Rafters Pulled From Eagle River

Four rafters had to be rescued from the Eagle River Saturday near Edwards. The raft high centered on a rock in the middle of the river standing the rafters.  It took rescue crews a couple hours to retrieve the rafters and pull the raft off the rock. The Eagle County Fire Department noted that only one of the rescued rafters was wearing a life vest. While people often get stuck in rivers, the danger presented by three of the four rafters not wearing life jackets could have been avoided. As rivers in Northwest Colorado are near peak run-off, extremely cold water with strong undertows may present a challenge to even the most experience rafters. Photos of the rescue courtesy of the Eagle River Fire Protection District, click to enlarge.

 

 

 

 

 

 

 

A complete list of river rafting safety tips is available below.

  • Wear your life jacket and proper headgear! It’s always possible to capsize in any water condition.
  • Assure that your water craft was intended for white water travel and understand the capabilities and limitations of the raft, kayak, or other equipment that you are using. Know the capabilities and limitations of your companions as well.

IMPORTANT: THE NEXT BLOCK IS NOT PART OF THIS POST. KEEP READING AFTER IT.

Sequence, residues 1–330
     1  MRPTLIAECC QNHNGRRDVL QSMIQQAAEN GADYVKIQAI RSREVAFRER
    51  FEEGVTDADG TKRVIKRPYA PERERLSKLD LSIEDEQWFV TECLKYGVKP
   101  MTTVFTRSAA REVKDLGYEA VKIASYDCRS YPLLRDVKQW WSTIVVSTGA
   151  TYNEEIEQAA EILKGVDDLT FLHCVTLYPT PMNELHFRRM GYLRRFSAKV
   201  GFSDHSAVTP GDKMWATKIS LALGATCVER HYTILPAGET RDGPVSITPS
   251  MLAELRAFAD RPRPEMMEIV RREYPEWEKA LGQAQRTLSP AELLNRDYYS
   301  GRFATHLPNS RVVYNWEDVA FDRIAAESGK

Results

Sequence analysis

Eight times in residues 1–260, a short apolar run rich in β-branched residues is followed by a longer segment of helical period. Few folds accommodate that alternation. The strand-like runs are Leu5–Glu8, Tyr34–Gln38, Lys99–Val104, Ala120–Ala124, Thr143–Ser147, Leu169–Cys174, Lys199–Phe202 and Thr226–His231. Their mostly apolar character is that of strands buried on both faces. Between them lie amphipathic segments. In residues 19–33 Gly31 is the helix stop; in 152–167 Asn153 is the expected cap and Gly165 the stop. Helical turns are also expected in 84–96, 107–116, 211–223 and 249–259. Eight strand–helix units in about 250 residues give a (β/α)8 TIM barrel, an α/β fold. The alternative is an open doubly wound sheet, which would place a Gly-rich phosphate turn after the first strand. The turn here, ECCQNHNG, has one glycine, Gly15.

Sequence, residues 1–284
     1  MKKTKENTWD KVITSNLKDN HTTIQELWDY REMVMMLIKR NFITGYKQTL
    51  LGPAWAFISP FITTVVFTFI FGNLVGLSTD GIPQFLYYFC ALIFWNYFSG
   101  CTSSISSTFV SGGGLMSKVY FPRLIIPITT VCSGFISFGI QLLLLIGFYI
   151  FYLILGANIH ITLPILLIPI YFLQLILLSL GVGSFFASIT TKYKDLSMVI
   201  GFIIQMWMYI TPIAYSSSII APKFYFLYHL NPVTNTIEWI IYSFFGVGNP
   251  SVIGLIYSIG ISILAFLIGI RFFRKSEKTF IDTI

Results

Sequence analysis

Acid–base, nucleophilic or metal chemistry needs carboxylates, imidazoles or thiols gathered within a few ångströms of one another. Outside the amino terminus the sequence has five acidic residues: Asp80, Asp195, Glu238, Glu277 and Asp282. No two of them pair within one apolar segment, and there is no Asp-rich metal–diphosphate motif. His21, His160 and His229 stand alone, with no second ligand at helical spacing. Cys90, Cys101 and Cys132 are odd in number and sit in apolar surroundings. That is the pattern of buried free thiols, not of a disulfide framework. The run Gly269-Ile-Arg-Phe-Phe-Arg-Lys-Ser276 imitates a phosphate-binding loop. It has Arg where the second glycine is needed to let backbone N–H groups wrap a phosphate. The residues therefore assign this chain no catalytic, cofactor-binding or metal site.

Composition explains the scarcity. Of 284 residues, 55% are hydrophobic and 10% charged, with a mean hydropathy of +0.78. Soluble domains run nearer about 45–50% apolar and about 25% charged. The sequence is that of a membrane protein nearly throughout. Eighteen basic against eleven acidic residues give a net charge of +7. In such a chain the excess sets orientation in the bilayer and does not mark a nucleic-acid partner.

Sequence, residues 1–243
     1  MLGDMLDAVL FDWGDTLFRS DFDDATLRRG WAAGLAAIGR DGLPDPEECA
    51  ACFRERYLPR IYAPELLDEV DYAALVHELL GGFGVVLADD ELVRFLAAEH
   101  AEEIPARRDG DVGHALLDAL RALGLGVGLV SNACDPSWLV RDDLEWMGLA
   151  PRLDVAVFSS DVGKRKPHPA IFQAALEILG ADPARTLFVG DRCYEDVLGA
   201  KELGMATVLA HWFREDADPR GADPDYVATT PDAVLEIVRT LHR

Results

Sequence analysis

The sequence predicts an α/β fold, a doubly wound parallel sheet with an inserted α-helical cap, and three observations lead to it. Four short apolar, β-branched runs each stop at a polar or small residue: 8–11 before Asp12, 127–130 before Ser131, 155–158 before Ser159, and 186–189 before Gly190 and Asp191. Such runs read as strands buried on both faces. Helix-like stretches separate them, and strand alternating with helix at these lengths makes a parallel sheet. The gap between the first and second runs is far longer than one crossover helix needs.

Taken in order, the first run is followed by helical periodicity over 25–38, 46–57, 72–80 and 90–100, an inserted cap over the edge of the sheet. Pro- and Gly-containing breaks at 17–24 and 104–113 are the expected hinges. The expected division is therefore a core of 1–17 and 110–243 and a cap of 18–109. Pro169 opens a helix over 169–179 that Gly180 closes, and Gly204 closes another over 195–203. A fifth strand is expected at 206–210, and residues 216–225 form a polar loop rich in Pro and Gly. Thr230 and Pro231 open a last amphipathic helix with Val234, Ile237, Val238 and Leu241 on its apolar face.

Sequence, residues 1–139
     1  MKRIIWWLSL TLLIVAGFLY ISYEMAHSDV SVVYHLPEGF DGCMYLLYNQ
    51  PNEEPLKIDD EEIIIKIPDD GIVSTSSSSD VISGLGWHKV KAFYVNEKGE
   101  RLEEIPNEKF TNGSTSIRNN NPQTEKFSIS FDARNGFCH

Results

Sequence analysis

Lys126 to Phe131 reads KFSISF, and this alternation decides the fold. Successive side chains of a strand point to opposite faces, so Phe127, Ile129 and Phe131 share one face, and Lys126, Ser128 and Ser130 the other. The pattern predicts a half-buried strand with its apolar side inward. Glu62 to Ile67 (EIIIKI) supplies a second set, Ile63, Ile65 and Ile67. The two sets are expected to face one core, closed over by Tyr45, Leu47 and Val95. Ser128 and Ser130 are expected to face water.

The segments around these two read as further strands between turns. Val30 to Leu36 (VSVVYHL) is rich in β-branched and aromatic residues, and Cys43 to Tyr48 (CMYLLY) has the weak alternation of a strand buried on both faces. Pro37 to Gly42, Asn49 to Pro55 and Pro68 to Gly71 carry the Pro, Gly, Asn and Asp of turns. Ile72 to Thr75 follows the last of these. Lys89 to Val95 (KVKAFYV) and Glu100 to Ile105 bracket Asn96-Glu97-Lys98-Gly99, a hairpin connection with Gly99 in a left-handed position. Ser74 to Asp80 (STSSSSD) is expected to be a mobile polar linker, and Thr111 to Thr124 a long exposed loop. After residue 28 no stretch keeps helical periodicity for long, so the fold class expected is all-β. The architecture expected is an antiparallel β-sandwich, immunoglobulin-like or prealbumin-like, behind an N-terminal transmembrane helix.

• Know the water conditions. Conditions can be very different from day to day and it’s important to know what to expect. If in doubt, get out and scout!
  • Beware of Strainers. Strainers are fallen trees, bridge pilings, undercut rocks or anything else that allows the current to flow through it while holding you. Strainers are deadly!
  • Carry identification that includes your name, phone number, pertinent medical information, and emergency contact information in a waterproof bag. You can also store your cell phone and camera in the bag. Equipment should be labeled with a name and phone number to make it easier to return lost and stolen equipment.
  • Before you leave, make sure you know where you are going. It is also a good idea to tell a responsible person about your plans of where you will be and when you expect to return.
  • Check the weather forecast before you leave for your destination so that you can pack the proper equipment. Dress appropriately for weather conditions. Carry extra clothes in a dry bag in case you flip and go for a swim. Hypothermia can be deadly.
  • Never go boating or tubing while under the influence of alcohol or drugs. Make sure you bring drinking water and stay hydrated.
  • Plan for emergencies and carry basic first aid. Learn rescue skills necessary to assist others. If you lose equipment, call the non-emergency number for dispatch (970-479-2200) with a detailed description of what piece of equipment was lost and where it was last seen. This helps ensure emergency responders are only dispatched to true rescue situations.

 

 

 

Comments are closed.